Seafood boss Richard Cook to take the helm of Lydney docks regeneration

By Aaron Kendall   |   Assistant Editor   |
Wednesday 13th July 2016 7:12 am
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CUSTODIAN: Richard Cook from Severn and Wye Smokery is the front runner to develop Lydney Harbour. ()

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THE dream of making Lydney Harbour the jewel in the South West’s tourism crown took a step closer this week.

Richard Cook, who runs the Severn and Wye Smokery business at Chaxhill, has been named as the ‘preferred bidder’ to run and develop the docks as a tourist attraction.

Mr Cook will bringing his considerable entrepreneurial skills to bear on running the harbour as a commercial venture.

Plans are expected to include improved and expanded yachting facilities, upgraded infrastructure and new catering outlets.

Mr Cook was one of two finalists in the bidding process to acquire the docks from the Environment Agency but faces further rounds of negotiations to clinch the deal.

Mr Cook said: “Severn and Wye Smokery are very honoured and excited to have been chosen as the preferred bidder as custodians of Lydney Harbour.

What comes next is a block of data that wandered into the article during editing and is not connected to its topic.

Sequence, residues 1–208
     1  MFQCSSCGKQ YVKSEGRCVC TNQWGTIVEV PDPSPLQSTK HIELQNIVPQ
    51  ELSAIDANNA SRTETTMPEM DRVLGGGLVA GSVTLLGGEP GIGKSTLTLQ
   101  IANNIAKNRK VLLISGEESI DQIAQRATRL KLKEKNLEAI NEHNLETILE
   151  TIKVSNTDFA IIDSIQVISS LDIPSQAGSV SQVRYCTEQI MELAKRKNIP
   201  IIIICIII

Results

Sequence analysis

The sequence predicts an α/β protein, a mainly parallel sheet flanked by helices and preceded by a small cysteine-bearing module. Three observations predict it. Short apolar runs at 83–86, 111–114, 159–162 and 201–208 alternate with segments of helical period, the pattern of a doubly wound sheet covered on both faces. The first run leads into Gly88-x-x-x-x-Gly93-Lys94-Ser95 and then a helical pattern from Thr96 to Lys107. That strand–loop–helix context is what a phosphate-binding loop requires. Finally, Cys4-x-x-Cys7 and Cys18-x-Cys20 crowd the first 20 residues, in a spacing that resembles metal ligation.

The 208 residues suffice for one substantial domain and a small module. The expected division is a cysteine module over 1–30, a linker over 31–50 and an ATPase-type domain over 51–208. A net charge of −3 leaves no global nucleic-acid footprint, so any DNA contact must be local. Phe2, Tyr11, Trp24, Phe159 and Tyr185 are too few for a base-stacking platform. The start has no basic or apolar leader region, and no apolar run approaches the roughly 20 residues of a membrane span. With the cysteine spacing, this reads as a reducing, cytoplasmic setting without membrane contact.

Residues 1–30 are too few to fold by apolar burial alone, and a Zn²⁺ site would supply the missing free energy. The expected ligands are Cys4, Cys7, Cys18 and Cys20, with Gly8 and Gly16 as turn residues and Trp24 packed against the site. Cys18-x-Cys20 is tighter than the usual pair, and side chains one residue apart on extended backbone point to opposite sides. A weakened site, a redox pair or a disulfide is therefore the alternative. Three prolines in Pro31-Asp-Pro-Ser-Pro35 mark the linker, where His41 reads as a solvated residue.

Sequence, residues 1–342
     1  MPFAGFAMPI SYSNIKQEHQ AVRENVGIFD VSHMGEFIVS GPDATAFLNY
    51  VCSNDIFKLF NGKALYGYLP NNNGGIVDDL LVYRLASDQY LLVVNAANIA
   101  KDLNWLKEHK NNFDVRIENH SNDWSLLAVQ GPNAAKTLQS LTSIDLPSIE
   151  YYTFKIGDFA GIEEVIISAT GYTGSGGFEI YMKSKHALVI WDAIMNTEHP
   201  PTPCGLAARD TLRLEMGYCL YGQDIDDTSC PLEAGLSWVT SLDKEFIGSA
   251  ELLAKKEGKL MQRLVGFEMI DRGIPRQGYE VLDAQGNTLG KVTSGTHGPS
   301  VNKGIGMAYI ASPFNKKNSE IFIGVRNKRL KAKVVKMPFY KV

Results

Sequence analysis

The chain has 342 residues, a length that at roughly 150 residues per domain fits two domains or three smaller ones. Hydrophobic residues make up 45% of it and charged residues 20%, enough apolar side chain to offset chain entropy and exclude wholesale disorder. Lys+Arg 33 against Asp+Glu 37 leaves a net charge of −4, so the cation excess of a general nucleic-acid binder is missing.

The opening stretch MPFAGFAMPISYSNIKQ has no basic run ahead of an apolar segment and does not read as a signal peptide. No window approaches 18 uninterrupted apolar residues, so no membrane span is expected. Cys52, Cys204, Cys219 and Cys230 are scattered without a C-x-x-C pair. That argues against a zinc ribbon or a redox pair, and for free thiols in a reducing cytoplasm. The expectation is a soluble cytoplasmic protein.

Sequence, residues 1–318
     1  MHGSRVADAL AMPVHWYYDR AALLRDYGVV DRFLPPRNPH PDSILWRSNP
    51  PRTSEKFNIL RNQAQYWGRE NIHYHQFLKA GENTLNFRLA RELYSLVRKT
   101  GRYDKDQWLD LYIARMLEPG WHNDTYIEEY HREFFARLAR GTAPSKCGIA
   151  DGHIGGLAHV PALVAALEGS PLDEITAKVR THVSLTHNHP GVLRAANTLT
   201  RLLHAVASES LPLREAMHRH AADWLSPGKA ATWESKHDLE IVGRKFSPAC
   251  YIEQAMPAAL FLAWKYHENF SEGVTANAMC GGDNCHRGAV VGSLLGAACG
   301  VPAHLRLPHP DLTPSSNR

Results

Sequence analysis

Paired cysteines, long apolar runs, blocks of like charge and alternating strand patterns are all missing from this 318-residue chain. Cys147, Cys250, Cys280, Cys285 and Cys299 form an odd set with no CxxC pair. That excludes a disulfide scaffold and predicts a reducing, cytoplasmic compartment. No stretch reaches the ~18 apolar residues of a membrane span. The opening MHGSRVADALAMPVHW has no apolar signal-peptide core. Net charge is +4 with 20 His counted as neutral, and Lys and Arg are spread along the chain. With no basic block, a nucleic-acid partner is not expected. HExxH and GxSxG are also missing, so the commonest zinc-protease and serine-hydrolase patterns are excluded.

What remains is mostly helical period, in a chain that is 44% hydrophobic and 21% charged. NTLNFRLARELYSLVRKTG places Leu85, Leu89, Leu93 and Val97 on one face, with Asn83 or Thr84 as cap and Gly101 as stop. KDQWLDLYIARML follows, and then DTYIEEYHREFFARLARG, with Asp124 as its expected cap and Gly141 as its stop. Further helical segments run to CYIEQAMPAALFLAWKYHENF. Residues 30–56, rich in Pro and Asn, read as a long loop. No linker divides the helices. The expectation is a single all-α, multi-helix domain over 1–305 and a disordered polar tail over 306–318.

“We will now engage with local communities, council representatives and the Environment Agency to help develop and promote what we believe to be one of the Forest of Dean’s hidden gems, and revitalise an asset that will encourage people to come and enjoy one the Severn Estuary’s historic and scenic landmarks.”

Ian Jones, area environment manager for the Environment Agency, said: “The visionary and exciting proposals for the harbour are linked to a wider regeneration initiative for this area of Lydney and will offer many opportunities for the future of the town.”

The current canal and basin complex was built between 1810 and 1813 to ship coal and iron from the Forest of Dean.

During the hey-day of the docks there was around 300,000 tons of coal being exported annually in over 2,000 vessels. The final export of coal from the harbour was in 1960.

The harbour carried on working up to the 1970s by importing logs for the manufacture of plywood at Pine End and was closed in 1977.

In 1985 the harbour from the swing bridge downstream was scheduled as an ‘Ancient Monument’, due to the historic importance as a transport link for the Forest of Dean to the Severn.

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